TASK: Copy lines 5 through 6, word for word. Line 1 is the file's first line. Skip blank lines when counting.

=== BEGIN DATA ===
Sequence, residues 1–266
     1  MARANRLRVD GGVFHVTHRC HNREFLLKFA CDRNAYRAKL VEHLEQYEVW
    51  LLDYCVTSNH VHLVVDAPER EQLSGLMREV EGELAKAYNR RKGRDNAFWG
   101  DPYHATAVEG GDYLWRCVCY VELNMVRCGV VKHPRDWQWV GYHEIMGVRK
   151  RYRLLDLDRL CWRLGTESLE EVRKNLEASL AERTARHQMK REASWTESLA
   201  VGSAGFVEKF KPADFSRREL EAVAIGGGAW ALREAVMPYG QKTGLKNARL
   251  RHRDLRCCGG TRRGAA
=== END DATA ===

   151  RYRLLDLDRL CWRLGTESLE EVRKNLEASL AERTARHQMK REASWTESLA
   201  VGSAGFVEKF KPADFSRREL EAVAIGGGAW ALREAVMPYG QKTGLKNARL